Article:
Another amazing weekend at our eternal stomping grounds of Silver Dollar is in the books. From racing here in the early 2000s to a handful of our Vurb Classic events a decade later, we were excited to once again show up to the south Georgia countryside for what would be quite a unique weekend with our friends from SwapMoto Live, Seven MX, 6D Helmets, Amsoil, and Custom Upfits.
While this event may be brand new to the East Coast, the Mini Major concept and race series has been thriving in California for the past few years, and it was inevitable that they’d finally come to their senses and bring some spotlight to some epic Southeast shredders. And we’re glad they did, because the Silver Dollar Mini Major East delivered big for quite a few very talented rippers on this side of the United States. Besides the riders, there were quite a few other things that stood out to me about this event.
For full results from the weekend, click here.
1. The Format
I’ll be honest, this format would’ve scared the crap out of me if our checkbook had the pen at its grasps. It’s hard enough to have a profitable race, but when you 86 every amateur and vet class in the lineup, it certainly has to make the prospect of finances a stressful thought. Outside looking in, it’s certainly a big gamble, but Matt Walker told me they pretty much pulled their anticipated turnout… which is great.
But on to the format. It’s Minis only. Yes, that’s right, P-Dubs up through Supermini WITH 15 MINUTE MOTOS for every class. I can tell you from a media creation standpoint, this is epic. I think from a rider perspective it’s also a huge plus. Since it’s only minibikes, that means there’s a handful of classes none of us have ever heard of (i.e. Supermini 3) but it gave every racer a chance to line up as much as they wanted to get an amazing amount of track time. With 26 classes in total, and running one moto per day for each, it made for a perfectly paced race weekend. I say this in naivety, but I would love if more promoters explored how to make something like this work on a more frequent basis. Props to Aaron Cooke and the SwapMoto Live team for stepping outside of the box and delivering something extremely unique to the world of amateur moto.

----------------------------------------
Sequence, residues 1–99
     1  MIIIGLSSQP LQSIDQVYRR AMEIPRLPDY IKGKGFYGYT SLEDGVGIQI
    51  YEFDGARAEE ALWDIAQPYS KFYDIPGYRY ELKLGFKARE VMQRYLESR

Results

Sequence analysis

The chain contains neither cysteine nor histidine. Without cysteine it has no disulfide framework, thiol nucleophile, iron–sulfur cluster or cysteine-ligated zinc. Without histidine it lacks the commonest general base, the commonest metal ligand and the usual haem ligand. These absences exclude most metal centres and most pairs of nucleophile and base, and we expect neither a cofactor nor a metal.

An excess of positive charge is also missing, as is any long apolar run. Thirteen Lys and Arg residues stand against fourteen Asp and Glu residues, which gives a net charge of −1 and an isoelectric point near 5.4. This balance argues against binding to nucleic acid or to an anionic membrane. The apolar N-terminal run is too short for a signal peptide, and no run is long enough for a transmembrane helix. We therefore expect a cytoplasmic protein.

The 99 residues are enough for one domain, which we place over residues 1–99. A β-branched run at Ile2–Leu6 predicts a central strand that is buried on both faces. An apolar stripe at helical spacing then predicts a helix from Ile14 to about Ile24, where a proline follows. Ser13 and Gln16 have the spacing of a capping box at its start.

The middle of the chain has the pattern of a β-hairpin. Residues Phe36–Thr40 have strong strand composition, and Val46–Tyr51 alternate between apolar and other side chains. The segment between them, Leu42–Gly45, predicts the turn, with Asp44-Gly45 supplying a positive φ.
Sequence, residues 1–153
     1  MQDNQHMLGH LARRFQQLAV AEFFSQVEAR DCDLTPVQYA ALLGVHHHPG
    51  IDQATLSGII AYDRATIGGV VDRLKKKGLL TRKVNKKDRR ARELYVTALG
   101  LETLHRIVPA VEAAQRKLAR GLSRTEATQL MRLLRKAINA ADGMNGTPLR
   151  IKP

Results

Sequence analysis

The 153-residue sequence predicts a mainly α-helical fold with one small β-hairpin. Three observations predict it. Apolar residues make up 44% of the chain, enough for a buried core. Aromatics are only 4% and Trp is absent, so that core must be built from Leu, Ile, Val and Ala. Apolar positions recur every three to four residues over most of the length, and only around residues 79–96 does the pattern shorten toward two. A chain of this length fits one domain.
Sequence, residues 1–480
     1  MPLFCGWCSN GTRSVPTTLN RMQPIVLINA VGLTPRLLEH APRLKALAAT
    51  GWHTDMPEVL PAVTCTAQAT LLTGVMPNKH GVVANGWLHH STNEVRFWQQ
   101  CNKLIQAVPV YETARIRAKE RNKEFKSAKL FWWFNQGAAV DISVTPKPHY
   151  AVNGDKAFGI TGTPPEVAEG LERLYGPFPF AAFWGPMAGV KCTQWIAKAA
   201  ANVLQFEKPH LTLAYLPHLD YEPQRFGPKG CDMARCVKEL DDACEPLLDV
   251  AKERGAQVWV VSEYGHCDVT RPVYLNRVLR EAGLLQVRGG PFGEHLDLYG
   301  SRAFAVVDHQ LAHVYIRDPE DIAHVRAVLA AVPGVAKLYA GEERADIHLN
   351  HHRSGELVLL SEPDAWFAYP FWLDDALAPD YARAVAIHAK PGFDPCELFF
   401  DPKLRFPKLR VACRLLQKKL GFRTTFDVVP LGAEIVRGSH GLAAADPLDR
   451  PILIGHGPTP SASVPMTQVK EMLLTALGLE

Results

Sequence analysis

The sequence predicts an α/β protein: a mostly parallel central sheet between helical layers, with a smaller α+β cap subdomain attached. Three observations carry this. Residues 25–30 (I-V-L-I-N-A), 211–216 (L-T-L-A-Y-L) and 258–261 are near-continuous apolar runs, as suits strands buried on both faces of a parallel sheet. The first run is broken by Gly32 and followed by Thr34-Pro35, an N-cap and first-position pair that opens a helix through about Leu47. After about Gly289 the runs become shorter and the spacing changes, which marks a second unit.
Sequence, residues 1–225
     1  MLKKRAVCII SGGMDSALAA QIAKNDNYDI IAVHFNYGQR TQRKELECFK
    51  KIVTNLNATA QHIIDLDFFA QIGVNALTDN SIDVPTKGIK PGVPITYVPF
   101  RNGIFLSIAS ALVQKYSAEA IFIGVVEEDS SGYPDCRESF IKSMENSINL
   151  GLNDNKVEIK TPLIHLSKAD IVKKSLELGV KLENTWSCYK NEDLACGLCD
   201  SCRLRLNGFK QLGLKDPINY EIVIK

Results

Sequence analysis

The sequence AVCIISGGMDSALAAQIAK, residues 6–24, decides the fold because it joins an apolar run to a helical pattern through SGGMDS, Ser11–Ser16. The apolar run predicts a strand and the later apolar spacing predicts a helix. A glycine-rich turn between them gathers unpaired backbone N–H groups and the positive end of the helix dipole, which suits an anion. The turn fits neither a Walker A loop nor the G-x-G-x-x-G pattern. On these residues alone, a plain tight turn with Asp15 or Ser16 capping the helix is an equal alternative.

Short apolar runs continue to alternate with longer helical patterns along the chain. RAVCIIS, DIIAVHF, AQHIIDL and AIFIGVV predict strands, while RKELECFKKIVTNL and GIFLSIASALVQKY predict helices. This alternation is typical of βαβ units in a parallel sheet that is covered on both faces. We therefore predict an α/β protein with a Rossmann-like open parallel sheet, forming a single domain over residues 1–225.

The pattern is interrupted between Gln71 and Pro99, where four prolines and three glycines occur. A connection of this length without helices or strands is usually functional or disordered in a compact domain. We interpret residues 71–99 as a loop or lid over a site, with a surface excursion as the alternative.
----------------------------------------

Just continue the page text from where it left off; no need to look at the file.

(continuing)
2. Cash Purse for the Women
Another honesty moment. I had no idea they had a purse for the girl’s classes until I was out on the track shooting and heard them talking about it over the intercom. As Katie Benson flew by me, I heard them talking about $3,000 this and $3,000 that. That’s right, 3K for EACH girl’s class. Unreal! While current AMA rules state you can’t pay amateurs cash, Matt Walker made sure to abide by the rules and pay in Zaxby’s and MotoSport gift cards. Chicken fingers and sprockets for years… doesn’t get much better than that.
And what was even cooler, it was none other than Jordan Jarvis giving the play-by-play, talking about the many times she has raced at Silver Dollar for the Vurb Classic’s. With the state of affairs in women’s motocross right now, it was cool to hear her perspective on the future and be there to support the next crop of female talent on the track. And it was cool to see Walker and crew throw so much weight behind making these classes what they were. It’s needed and much respect!
3. New Names, New Faces
What’s cool about such a uniquely formatted event, it allows some kids that have never seen the spotlight to, well, get in the spotlight. And you all know there’s nothing more we love here at vurbmoto than giving young rippers some much needed attention.